2 pounds Ground Beef (I used 1 1/2 lbs beef and 1/2 pound ground chicken breast)
2 Tablespoons Dried Oregano (I used fresh)
2 Tablespoons Dried Basil Flakes (I used Italian Seasoning Mix)
1 can (6 Ounce) Tomato Paste
5 cloves Garlic, Minced
1 cup (to 2 Cups) Red Wine (I used 2.  Of course.)
2 Tablespoons Worcestershire
2 cans (28 Ounce) Whole Tomatoes
1 cup Milk (I used skim)
Salt And Pepper, to taste
Fresh Parmesan Cheese (I added a bunch of grated parm to the sauce)

Heat oil in a large Dutch oven or skillet over medium heat. Add carrots and onions and cook for a few minutes. Make a well in the center of the mixture, and then add in the ground meat. Cook for a few minutes until brown, gradually stirring it into the carrot mixture.

Throw in oregano and basil.  When the meat is browned and combined with other ingredients, make another well. Add tomato paste and let it heat. Add garlic and stir to combine.

Make a well in the center of the mixture and add red wine. Stir together. Add Worcestershire and stir. Add canned tomatoes. Finally, pour in milk, stir, and let simmer for 30 minutes to 2 hours—however long you need.

Serve with pasta and a generous sprinkling of Parmesan cheese.

Wednesday, November 2, 2011

Spicy Flank Steak with Avocado Cucumber Dipping Sauce

I have this friend named Kara.  We go back a LONG time....I believe that if I think really hard about it, she is my oldest friend.  Like, she's been my friend for the longest, not that she's older than all my other friends.  Funny story about Kara being old, though, which I will tell you below in case you care.  Kara and I got into our fair share of typical teenage mischief together, but I'd say we both turned out okay as adults (if you start adulthood at age 25).  We were especially fond of cruising around in our beat up cars - her's a blue Ford Taurus named Big Blue and mine a 1983 yellow Volvo (with a poop brown interior!!) named Colonel Mustard.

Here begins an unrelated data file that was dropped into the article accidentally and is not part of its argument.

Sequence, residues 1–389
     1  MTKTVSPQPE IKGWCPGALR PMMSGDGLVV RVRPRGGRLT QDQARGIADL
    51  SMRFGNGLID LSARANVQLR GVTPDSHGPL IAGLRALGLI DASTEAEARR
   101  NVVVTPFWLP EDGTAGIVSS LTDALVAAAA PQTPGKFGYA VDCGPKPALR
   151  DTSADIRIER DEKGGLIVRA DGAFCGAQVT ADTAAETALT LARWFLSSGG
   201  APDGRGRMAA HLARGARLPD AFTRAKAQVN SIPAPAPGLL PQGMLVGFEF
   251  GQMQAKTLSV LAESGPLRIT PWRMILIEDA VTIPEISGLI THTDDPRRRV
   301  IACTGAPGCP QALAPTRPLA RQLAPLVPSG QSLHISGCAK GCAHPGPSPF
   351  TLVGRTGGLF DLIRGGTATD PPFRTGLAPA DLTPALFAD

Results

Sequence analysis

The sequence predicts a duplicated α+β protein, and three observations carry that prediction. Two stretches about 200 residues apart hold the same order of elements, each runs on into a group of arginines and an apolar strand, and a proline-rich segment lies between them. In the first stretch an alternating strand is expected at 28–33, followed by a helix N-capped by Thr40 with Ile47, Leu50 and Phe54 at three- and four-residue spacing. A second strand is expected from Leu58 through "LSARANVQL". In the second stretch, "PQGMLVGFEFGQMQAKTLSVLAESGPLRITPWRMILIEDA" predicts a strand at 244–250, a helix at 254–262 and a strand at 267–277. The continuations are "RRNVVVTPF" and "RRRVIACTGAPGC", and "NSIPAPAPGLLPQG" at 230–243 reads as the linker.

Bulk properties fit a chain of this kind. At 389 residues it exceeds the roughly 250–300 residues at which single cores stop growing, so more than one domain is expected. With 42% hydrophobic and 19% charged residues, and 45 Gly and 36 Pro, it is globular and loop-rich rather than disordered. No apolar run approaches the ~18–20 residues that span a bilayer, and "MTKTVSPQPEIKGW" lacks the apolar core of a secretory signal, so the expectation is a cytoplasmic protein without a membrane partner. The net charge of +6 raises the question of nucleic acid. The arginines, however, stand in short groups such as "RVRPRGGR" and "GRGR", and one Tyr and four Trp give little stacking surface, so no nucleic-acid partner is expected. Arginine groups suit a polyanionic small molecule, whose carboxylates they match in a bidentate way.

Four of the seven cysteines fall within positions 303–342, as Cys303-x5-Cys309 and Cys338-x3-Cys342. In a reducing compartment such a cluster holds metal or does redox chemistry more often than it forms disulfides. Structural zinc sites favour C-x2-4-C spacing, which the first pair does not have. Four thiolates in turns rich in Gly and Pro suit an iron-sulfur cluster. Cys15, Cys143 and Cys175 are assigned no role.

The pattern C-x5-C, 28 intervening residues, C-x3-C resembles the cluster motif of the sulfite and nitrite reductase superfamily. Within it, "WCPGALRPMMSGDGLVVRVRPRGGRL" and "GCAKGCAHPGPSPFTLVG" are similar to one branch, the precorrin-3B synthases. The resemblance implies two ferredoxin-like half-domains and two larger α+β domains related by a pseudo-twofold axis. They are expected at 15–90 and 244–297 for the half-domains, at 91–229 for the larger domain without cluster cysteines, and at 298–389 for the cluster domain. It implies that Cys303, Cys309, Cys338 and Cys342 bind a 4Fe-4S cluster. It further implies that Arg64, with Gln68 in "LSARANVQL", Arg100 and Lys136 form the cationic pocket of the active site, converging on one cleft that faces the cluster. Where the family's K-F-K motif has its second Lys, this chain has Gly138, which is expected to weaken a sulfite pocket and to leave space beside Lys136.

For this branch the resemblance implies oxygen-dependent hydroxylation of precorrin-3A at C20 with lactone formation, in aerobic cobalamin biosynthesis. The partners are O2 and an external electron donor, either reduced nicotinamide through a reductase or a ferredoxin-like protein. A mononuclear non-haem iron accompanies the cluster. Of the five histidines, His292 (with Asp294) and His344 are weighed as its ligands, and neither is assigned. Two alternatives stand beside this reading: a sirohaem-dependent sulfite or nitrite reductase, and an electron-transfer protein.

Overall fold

The other day, Kara was telling her 11-year old son Jordan about how she and I loved to drive around in our beaters and we didn't even care that they weren't fancy cars, because any car = freedom.  The conversation went a little like this:

Kara: "Ann's car was named "Colonel Mustard", isn't that funny?"
Jordan: "Andrew is SO awesome."  (side note, Andrew is my husband, and he IS awesome)
Kara: "Uh, yeah, but we were talking about Ann.  Don't you think she is awesome?"
Jordan: "I mean, sure, I guess, but Andrew is REALLY awesome."


Jordan: "You are older than Ann, right?"
Kara: "Actually, no.  Ann is one month older than I am."
Jordan: "REALLY!??!?!  No way!!!  Are you sure?  Because Ann looks a LOT younger than you."

So, the good news is that I look younger than my dear friend Kara, and the bad news is that my husband is WAY more awesome than I am.  I could have told you that without the help of an 11-year old.

Anyway, its clear that Kara too is awesome for spawning such an insightful child.  She's also beautiful and smart and talented and funny and I love her like she's my own sister.  But despite her array of skills, not many of them are of the domestic type - she only knows how to cook approximately 4 things.  Good thing she knows how to use a credit card, and most importantly (especially for her family), she isn't AFRAID to use a credit card. 

I posted a story awhile back (I swore not to link to it, but you MIGHT be able to find it if you search for "guacamole") that didn't portray her cooking skills in the best light.  And the funny thing is, I was mostly just talking smack, because her guacamole was actually quite delicious.  Just not as delicious as mine.